By empirically observing GTs in many video streams, it is found that different types of GTs exist like fade-in/fade-out, dissolve, wipe and morphs. Moreover, the length of the transitions can vary widely. Sample MPEG-7 data shows that GT length can vary from 2 frames to several hundreds frames (e.g., 487 frames). In this case, it cannot be claimed that all the video transitions will bring in sufficiently "rapid" changes in the video frame content (or in the video trajectory in a proper feature space). Instead, it is true that whatever is the type or the length of the transition there will always be a change big enough that is observable at some temporal resolution. So, the transitions must be defined with respect to different resolutions. By viewing the video at multiple resolutions simultaneously, the detection of both CUTs and GTs can be unified. By employing a framework of temporal multi-resolution analysis, the information across multiple temporal resolutions can also be utilized to solve the problem of video segmentation.
Based on the observations stated in the previous section, video transitions can be uniformly modeled as maxima of first order derivatives in some resolutions of the video signal. Thus, wavelets can be applied in solving the problem of video segmentation. [20
Consider the temporal sequence of video frames as samples from a continuous signal f(t), and the video signal in the ath temporal resolution is denotated as fa (t). Denoting the Gaussian kernel by
then fa(t) can be obtained by convolving f(t) with θ(t)
Here, the temporal resolution means sampling video stream by grouping frames. The higher is the a, the lower the temporal resolution will be, and the coarser the sampling will become. This is because the convolution of f(t) and θ(t) removes the details (high frequency components) of f(t) in time and spatial domain. Since both CUT and GT all correspond to the maxima of the first order derivatives in low resolution video signal, these transitions can be detected by simply calculating the first order derivative of fa(t) when a is sufficiently large.
The whole process of computing fa(t) in different resolutions and calculating the first order derivative is equivalent to applying Canny wavelets transformation on f(t). Canny wavelets are defined from the first order derivative of the Gaussian kernel. The reason for n derivatives of the Gaussian θ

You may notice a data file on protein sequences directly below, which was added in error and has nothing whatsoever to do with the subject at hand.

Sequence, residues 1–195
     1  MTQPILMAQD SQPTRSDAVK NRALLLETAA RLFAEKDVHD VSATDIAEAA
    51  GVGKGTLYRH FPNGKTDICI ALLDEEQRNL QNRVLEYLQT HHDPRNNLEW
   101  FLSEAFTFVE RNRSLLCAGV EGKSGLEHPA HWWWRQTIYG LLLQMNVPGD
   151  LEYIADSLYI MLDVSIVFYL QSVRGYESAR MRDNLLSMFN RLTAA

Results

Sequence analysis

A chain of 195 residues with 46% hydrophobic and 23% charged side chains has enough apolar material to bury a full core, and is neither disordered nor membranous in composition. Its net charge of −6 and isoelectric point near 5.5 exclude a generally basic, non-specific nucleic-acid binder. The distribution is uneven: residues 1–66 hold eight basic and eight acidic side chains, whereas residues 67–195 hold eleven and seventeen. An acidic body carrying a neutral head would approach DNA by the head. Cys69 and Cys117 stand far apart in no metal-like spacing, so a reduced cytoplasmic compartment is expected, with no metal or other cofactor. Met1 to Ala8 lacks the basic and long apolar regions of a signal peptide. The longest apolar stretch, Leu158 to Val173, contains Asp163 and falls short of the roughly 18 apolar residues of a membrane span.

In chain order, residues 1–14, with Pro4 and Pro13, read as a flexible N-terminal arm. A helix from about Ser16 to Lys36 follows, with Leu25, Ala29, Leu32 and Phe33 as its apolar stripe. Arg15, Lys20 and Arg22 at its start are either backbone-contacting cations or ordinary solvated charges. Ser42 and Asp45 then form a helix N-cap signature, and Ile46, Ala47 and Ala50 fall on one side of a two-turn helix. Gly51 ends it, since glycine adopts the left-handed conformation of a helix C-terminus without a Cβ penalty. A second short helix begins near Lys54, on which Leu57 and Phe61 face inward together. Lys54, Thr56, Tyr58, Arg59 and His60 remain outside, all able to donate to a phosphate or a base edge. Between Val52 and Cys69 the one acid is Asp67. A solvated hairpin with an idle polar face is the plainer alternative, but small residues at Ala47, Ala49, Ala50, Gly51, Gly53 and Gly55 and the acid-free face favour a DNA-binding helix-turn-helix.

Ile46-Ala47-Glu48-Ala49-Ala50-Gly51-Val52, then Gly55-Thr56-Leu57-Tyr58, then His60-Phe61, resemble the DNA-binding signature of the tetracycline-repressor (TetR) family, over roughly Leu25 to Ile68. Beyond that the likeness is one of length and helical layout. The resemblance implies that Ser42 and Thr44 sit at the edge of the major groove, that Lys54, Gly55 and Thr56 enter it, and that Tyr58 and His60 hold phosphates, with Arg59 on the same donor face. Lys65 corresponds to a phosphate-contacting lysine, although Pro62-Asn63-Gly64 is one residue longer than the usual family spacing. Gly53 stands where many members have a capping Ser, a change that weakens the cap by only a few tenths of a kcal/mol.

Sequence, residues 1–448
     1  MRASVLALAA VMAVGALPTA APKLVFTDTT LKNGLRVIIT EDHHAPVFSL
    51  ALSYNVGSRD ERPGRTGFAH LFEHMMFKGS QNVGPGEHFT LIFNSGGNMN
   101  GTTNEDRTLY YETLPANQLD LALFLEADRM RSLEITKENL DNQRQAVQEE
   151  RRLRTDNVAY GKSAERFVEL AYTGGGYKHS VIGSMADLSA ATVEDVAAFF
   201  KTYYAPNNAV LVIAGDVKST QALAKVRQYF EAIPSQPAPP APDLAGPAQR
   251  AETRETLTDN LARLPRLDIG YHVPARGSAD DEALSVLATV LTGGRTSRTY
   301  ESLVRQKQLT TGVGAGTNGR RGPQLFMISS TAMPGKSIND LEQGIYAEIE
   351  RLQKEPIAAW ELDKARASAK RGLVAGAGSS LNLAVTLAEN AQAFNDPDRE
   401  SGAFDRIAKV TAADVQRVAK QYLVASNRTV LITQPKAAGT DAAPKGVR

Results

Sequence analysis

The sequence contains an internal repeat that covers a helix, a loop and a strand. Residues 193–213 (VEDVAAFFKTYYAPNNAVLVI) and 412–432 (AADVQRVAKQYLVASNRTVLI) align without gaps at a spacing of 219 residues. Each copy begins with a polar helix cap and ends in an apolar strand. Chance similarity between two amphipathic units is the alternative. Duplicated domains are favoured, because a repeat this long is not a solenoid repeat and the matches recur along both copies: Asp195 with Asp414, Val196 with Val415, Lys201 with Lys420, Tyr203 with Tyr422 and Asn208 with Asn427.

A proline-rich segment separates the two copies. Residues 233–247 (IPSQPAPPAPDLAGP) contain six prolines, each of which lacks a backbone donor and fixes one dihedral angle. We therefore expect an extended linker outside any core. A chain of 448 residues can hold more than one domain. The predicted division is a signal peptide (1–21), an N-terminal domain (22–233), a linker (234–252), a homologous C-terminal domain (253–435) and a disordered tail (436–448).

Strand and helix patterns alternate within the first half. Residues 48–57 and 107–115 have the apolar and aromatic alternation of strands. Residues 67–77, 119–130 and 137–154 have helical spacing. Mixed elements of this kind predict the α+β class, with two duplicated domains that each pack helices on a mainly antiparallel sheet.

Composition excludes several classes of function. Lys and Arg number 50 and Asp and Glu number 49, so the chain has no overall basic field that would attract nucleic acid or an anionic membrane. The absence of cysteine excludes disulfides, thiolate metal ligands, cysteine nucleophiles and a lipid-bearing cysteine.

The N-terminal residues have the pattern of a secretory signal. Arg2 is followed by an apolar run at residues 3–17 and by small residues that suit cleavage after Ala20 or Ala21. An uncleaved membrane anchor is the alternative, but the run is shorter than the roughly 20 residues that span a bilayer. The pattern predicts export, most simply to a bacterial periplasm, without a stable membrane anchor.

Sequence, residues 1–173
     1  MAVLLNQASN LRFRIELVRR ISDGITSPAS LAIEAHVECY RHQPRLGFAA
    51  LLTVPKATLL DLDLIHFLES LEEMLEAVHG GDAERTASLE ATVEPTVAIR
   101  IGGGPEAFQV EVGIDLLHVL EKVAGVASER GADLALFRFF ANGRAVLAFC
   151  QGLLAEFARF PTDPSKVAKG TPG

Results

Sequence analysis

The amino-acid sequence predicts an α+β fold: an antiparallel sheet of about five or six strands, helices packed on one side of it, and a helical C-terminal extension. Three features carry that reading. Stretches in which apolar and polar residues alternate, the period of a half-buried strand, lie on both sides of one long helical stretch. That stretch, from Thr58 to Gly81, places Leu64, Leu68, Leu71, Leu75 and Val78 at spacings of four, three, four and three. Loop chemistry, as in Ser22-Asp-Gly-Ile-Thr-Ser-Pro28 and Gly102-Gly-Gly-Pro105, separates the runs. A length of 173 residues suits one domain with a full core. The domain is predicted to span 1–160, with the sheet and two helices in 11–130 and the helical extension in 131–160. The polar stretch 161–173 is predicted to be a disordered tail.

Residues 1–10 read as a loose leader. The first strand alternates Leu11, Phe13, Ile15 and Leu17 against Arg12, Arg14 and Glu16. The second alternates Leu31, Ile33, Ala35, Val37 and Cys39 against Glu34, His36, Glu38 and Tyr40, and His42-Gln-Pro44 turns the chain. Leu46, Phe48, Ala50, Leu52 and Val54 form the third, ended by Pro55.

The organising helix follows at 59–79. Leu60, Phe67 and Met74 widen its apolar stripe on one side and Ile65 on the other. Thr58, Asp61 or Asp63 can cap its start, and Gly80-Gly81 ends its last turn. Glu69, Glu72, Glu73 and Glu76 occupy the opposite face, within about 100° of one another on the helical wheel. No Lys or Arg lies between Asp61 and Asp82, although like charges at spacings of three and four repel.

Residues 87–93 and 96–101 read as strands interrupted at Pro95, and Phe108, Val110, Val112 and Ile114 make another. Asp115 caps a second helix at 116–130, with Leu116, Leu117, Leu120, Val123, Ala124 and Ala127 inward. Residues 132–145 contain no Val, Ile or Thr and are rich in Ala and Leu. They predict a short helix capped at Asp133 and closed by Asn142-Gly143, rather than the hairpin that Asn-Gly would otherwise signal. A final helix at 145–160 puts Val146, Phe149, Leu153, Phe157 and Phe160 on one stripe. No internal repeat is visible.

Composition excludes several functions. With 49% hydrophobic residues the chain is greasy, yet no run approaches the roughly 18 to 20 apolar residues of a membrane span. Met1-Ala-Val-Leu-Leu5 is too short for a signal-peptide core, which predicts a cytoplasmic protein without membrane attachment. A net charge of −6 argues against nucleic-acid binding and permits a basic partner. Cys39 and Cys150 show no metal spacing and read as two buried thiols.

to be wavelets for n > 0 can be shown by the lemma that follows:
Definition: Let n ∈ N. A wavelet Ψ has n vanishing moments (i.e., of order n), if for all integers k < n:
Lemma: Let φ be an n-times differentiable function and φ(n) ∈ L2(R),φ(n) ≠ 0. Then, it follows that Ψ = φ(k) is a wavelet.
Denoting as the Gaussian at resolution a, then the following can be obtained:
Canny wavelets, which are shown in Figure 8.4, are derived from the first order derivative of the Gaussian kernel as . Here, it shows that the wavelet transform using Canny wavelets will obtain the first order derivative of the f(t) at various resolutions. Thus, the problem of video transition detection can be simplified to local maxima detection after wavelet transformation.
Figure 8.4: Canny wavelets in RO-R3.
Figure 8.5 shows the result of using Canny wavelet transformation on a daily video stream in different temporal resolution. By carefully examining the maxima corresponding to video transitions, it can be noticed that a GT, which is not observable at a high resolution (scale 0), can be easily detected at a lower resolution (scale 3).
Figure 8.5: Transitions shown at two resolutions.
Although all the transitions are shown in low resolution, different phenomena can be observed at different resolutions. For CUT, the significant maxima are observable both at a high resolution and at a coarser resolution. On the other hand, GTs only show the maxima at coarse temporal resolutions. By using wavelet transform, the analysis of the information across resolutions becomes easy.
Beside the convenience of the correspondence of maxima and the boundary, wavelet also provides a simple way to measure the regularity of the signal by using Lipschitz exponent α. It is proved that
The scale space can be constructed by dyadic scale 2j. Thus, the evolution of the amplitudes of the absolute maxima can be traced across the scales. Then, the degree of smoothness and the corresponding scale where the transition exists can be obtained. Using this information, it is possible to distinguish the CUT's from GT's.